There are always a few acts at the XRIJF that I’ve never heard of before the festival, but I can’t stop talking about after I’ve seen them. Pianist Matt Herskowitz is now on that list. Before describing him I want to say that I do hope the Steinway in Hatch Hall recovers from the (positive) pounding it took Saturday night. At some points in Herskowitz’ performance you could see it shaking.
The concert had a title, “From Bach To Brubeck,” and along the way Herskowitz visited Chopin, Schubert, and other composers. The premise was the embodiment of Third Stream music: the fusion of jazz with classical music to create, in this case, a wild hybrid.
What made the concert extraordinary was Herskowitz’s beyond-brilliant technique. He was, of course, capable of subtlety, but he was astoundingly adept at impossibly fast and intricate passages. He found them in Bach and Brubeck and also in a “Chopin etude” that he made up, seemingly based on the premise of Chopin as a jazz man. He also played the most wildly rhythmic rendition of Gershwin’s “I’ve Got Rhythm” that I’ve ever heard.
At one point, toward the end of the concert, on a tune by the late pianist, Michel Petrucciani, Herskowitz executed a two-handed fluttering chord passage that got faster and faster until it melted into a blur of hummingbird wings. After he lifted his hands, I swear the piano was still shivering with those notes.
A little while later I found myself at the Montage watching Terell Stafford and had the following realization: trumpet is the most confrontational of instruments. While the piano usually faces the side of the stage and the saxophone is sending notes upward or to the ground, the trumpet is in your face. There’s no sliding back and forth like the trombone. The trumpet says, “I’m talkin’ to you!”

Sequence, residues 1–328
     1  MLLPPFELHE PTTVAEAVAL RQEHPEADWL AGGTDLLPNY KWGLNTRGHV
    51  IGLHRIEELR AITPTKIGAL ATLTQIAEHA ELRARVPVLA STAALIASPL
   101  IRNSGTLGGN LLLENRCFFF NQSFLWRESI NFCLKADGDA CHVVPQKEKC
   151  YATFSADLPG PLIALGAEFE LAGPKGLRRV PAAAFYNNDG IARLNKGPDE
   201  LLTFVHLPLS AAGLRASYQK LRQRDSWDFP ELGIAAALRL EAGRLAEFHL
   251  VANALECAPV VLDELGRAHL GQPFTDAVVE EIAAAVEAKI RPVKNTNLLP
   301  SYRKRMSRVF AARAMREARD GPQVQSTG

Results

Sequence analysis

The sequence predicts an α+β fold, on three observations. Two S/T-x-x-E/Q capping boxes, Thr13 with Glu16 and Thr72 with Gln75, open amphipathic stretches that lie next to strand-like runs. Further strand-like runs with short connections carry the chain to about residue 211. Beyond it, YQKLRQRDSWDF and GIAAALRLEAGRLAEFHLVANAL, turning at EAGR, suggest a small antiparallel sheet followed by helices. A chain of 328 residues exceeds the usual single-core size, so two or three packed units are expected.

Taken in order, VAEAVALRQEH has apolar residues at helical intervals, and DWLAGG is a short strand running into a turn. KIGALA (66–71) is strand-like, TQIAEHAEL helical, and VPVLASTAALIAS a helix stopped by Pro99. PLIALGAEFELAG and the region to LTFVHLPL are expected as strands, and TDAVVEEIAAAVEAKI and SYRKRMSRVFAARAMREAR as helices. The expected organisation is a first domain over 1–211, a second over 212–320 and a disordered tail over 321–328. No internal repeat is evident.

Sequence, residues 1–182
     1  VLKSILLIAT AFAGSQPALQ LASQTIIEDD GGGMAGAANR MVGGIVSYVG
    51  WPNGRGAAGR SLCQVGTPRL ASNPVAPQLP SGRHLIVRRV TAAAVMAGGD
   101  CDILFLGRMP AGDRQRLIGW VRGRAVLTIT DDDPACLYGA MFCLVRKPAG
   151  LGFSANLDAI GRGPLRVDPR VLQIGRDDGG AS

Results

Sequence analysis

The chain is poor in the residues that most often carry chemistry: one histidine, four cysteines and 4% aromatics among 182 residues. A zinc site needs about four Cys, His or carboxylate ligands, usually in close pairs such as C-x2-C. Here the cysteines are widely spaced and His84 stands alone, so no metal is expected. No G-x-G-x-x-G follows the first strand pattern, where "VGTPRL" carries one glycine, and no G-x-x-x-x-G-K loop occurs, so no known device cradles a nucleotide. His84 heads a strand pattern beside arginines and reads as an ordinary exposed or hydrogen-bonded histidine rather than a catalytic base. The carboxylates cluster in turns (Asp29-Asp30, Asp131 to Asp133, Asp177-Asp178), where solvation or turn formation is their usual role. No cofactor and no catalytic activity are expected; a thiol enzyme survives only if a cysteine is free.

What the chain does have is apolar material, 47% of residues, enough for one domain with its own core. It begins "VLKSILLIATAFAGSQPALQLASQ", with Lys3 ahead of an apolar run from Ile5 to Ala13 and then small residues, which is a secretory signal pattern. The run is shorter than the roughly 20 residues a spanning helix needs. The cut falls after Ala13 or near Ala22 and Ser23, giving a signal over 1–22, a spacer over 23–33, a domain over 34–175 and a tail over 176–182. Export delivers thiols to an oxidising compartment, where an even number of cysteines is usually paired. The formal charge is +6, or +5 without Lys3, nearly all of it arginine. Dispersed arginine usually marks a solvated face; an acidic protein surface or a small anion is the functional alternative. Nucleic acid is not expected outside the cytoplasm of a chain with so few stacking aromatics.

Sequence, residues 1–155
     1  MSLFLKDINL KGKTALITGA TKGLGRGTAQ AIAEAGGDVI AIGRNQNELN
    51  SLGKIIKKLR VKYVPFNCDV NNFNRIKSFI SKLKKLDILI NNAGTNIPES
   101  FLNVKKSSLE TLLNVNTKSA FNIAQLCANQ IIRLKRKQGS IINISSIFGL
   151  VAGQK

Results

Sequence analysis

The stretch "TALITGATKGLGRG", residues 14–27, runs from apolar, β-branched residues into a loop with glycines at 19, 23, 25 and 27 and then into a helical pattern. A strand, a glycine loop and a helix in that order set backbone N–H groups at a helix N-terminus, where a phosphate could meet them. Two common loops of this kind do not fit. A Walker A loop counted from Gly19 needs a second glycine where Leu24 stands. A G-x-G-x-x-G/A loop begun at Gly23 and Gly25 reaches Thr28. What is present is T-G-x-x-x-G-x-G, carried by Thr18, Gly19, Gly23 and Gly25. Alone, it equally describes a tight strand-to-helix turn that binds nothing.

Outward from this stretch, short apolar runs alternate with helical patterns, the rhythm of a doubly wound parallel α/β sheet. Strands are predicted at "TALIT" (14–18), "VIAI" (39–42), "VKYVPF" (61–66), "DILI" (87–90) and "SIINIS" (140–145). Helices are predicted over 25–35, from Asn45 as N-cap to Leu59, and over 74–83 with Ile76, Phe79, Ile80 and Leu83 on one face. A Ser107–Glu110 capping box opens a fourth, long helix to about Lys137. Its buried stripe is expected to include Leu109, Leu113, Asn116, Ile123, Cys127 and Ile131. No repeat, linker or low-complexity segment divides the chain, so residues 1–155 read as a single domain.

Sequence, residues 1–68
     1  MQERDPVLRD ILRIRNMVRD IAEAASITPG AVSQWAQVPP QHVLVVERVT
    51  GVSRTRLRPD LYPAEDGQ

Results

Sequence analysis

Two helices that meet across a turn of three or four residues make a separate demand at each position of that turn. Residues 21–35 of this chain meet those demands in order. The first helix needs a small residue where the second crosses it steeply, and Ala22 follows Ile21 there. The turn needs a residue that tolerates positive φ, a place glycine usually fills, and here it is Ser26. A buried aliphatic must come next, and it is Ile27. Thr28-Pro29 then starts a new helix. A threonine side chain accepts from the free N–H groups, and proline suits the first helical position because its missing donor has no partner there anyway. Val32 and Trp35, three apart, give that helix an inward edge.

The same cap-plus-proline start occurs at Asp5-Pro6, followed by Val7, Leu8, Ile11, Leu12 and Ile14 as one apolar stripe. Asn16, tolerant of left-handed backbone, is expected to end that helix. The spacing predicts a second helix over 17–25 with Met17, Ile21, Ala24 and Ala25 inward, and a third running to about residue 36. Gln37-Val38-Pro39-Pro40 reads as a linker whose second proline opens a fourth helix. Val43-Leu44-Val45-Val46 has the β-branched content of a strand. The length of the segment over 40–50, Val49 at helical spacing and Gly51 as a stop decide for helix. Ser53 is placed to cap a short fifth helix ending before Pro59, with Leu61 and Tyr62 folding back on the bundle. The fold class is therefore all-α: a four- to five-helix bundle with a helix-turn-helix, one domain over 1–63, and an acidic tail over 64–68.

When Stafford is on the other side of that trumpet, the urgency is palpable. Whether he’s playing a fiery up-tempo tune or wrapping his horn around a mid-tempo ballad like “Candy,” Stafford is in command. He is no less a brilliant player when he switches to flugelhorn.
The other three members of Stafford’s quartet were musicians who had studied with him at Temple University in Philadelphia, where he is coordinator of the jazz studies program. They were young but all three were capable of swinging hard and soloing with imagination.
I also caught Bruce Barth and Steve Nelson at Max of Eastman Place. (By the way, I apologize for mixing up Steve Nelson with Steve Wilson in City's Jazz Guide; Barth played with Wilson the last time he was at the festival.) Barth is a superb pianist and Nelson a great vibraphonist.
The concert dragged a bit during a slow blues number that I thought would never end. But both players came alive nicely during a suite of three tunes by Billy Strayhorn and Duke Ellington. Nelson played gorgeously on Strayhorn’s “Chelsea Bridge.”
I’ll start tomorrow night with Cuban pianist Rafael Zaldivar at Max. Then I want to hear the unusual combination of instruments (harp, cello, harmonium, etc.) that make up the Christian Wallumrod Ensemble at the Lutheran Church. And I’ll finish the night with the great home-grown big band that is the Dave Rivello Ensemble at the Xerox Auditorium.